Money market mutual fund assets declined for the fifth week in a row and the ninth week out of the past 11 according to the latest statistics from the Investment Company Institute. The declines moderated in the week ended Wednesday, November 11, with assets dropping by $3.68 billion to $3.335 trillion, their lowest level since the end of January 2008. Money fund assets have declined by $495 billion, or 12.9%, year-to-date, and have declined by $585.2 billion, or 14.9%, since setting a record high of $3.920 trillion on Jan. 14, 2009.

ICI's weekly "Money Market Mutual Fund Assets," which is released every Thursday around 5pm, says, "Taxable government funds decreased by $4.68 billion, taxable non-government funds increased by $4.52 billion, and tax-exempt funds decreased by $3.51 billion." It adds, "Assets of retail money market funds decreased by $4.17 billion to $1.093 trillion. Taxable government money market fund assets in the retail category decreased by $380 million to $168.66 billion, taxable non-government money market fund assets decreased by $2.41 billion to $685.30 billion, and tax-exempt fund assets decreased by $1.38 billion to $238.80 billion."

The report continues, "Assets of institutional money market funds increased by $493 million to $2.242 trillion. Among institutional funds, taxable government money market fund assets decreased by $4.30 billion to $883.05 billion, taxable non-government money market fund assets increased by $6.93 billion to $1.191 trillion, and tax-exempt fund assets decreased by $2.13 billion to $168.39 billion."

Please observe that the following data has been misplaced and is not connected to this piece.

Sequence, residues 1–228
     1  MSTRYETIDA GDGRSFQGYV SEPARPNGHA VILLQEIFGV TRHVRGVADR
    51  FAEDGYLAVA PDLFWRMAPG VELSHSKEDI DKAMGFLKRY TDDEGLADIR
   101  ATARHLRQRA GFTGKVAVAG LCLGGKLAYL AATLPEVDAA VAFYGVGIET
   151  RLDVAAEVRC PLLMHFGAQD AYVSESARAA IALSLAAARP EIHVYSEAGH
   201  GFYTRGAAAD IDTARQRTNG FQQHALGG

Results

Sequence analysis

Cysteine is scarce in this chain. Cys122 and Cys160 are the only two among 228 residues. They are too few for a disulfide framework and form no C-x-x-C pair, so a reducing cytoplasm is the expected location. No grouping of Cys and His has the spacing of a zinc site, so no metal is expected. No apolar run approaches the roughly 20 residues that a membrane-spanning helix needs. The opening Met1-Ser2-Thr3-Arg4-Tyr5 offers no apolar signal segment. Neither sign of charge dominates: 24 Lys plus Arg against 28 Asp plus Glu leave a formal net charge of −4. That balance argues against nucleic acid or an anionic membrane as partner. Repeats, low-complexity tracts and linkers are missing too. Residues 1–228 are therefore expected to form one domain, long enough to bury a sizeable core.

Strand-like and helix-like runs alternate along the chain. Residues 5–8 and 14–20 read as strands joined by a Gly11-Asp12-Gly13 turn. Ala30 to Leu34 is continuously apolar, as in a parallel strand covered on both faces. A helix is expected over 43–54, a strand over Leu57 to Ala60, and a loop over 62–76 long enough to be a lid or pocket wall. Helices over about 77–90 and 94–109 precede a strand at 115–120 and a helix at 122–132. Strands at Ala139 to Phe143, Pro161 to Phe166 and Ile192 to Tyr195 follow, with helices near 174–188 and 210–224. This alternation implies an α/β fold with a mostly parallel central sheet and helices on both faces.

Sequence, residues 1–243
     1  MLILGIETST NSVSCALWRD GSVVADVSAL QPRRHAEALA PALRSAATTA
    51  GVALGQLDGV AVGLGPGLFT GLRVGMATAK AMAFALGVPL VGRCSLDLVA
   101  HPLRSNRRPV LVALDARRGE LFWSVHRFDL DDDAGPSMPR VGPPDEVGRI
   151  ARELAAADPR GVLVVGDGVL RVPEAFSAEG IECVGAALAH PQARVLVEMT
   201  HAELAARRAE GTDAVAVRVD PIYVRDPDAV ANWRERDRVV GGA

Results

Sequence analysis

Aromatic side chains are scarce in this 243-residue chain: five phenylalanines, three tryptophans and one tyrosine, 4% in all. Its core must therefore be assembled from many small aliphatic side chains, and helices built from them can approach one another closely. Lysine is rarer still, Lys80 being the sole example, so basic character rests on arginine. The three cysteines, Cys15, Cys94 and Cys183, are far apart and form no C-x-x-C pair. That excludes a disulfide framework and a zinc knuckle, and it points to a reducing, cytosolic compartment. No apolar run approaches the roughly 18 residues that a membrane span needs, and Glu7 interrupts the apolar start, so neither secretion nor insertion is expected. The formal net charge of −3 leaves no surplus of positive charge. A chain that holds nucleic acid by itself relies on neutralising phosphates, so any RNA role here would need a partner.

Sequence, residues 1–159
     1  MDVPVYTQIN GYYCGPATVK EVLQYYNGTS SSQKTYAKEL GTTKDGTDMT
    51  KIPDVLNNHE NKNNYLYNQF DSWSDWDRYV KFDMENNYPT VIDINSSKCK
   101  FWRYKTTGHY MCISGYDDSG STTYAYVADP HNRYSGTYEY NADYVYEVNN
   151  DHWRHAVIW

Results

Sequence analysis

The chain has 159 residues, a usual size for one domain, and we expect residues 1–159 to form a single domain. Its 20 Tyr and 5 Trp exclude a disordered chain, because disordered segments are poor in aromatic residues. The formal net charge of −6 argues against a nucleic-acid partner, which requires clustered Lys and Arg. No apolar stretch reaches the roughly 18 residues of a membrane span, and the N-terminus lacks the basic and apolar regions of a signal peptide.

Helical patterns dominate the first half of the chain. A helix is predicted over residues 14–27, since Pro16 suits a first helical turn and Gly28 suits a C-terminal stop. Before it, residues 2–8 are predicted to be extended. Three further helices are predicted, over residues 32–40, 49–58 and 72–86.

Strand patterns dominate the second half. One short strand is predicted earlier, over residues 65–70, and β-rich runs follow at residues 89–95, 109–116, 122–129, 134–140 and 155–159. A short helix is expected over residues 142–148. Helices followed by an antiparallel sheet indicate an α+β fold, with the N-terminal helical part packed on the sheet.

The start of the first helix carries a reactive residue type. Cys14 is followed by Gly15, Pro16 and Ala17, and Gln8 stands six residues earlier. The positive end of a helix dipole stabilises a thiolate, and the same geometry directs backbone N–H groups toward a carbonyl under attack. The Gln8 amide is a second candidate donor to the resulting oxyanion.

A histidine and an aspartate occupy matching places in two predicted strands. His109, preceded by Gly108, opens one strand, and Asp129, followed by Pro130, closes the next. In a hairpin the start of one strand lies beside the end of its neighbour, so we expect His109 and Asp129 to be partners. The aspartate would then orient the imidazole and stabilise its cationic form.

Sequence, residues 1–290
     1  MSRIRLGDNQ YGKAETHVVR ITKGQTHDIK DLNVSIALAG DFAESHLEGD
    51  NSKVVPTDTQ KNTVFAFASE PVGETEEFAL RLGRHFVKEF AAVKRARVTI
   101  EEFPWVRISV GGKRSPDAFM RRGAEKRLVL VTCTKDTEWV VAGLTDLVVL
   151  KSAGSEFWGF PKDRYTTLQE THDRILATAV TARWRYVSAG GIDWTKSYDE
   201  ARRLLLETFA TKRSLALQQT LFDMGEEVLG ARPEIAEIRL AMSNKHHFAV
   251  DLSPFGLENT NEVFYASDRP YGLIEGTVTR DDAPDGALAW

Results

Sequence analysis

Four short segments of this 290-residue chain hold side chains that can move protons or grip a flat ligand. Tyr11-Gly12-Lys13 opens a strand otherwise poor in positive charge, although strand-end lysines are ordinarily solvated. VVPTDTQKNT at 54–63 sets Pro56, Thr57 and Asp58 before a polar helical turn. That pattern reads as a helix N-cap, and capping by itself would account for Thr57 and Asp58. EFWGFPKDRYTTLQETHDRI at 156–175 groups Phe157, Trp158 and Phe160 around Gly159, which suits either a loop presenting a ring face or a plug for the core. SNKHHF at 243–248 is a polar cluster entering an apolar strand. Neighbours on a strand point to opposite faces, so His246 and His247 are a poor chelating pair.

Year-to-date, retail money fund assets have decline by a stunning 19.3% ($262 billion), which Crane Data believes is evidence of brokerages forcing investor cash into FDIC-insured sweep programs. Institutional money fund assets, which represent 67.2% of all money fund assets, have declined by a more modest 9.8% ($244 billion). Money funds haven't had two consecutive weeks of asset inflows since early March 2009.

We believe the majority of money fund asset outflows have taken temporary refuge in bank savings deposits, which have increased by $600.5 billion (to $4.703 trillion) YTD through 10/31 (according to the Federal Reserve's H.6. "Money Stock Measures" series) and in bond funds. Bond fund assets have increased by $508.9 billion (32.5%) YTD through Sept. 30 (according to ICI's monthly "Trends in Mutual Fund Investing"). A substantial portion of these assets should return once temporary deposit insurance increases expire and rising rates return the normal historical yield advantage that money funds have over bank deposits.

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